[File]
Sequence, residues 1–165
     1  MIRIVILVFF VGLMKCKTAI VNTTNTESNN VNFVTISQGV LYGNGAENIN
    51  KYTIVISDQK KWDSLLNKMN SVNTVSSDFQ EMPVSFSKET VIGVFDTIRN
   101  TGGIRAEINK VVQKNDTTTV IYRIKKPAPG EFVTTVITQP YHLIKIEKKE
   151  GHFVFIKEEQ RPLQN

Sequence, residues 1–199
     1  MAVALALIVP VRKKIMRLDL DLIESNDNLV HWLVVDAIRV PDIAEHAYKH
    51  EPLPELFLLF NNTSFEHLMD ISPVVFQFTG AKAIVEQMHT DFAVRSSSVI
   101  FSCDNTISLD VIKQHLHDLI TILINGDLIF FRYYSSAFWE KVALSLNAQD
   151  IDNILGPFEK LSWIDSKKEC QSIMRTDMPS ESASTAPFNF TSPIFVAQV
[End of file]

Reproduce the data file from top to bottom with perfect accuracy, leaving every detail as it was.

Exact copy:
Sequence, residues 1–165
     1  MIRIVILVFF VGLMKCKTAI VNTTNTESNN VNFVTISQGV LYGNGAENIN
    51  KYTIVISDQK KWDSLLNKMN SVNTVSSDFQ EMPVSFSKET VIGVFDTIRN
   101  TGGIRAEINK VVQKNDTTTV IYRIKKPAPG EFVTTVITQP YHLIKIEKKE
   151  GHFVFIKEEQ RPLQN

Sequence, residues 1–199
     1  MAVALALIVP VRKKIMRLDL DLIESNDNLV HWLVVDAIRV PDIAEHAYKH
    51  EPLPELFLLF NNTSFEHLMD ISPVVFQFTG AKAIVEQMHT DFAVRSSSVI
   101  FSCDNTISLD VIKQHLHDLI TILINGDLIF FRYYSSAFWE KVALSLNAQD
   151  IDNILGPFEK LSWIDSKKEC QSIMRTDMPS ESASTAPFNF TSPIFVAQV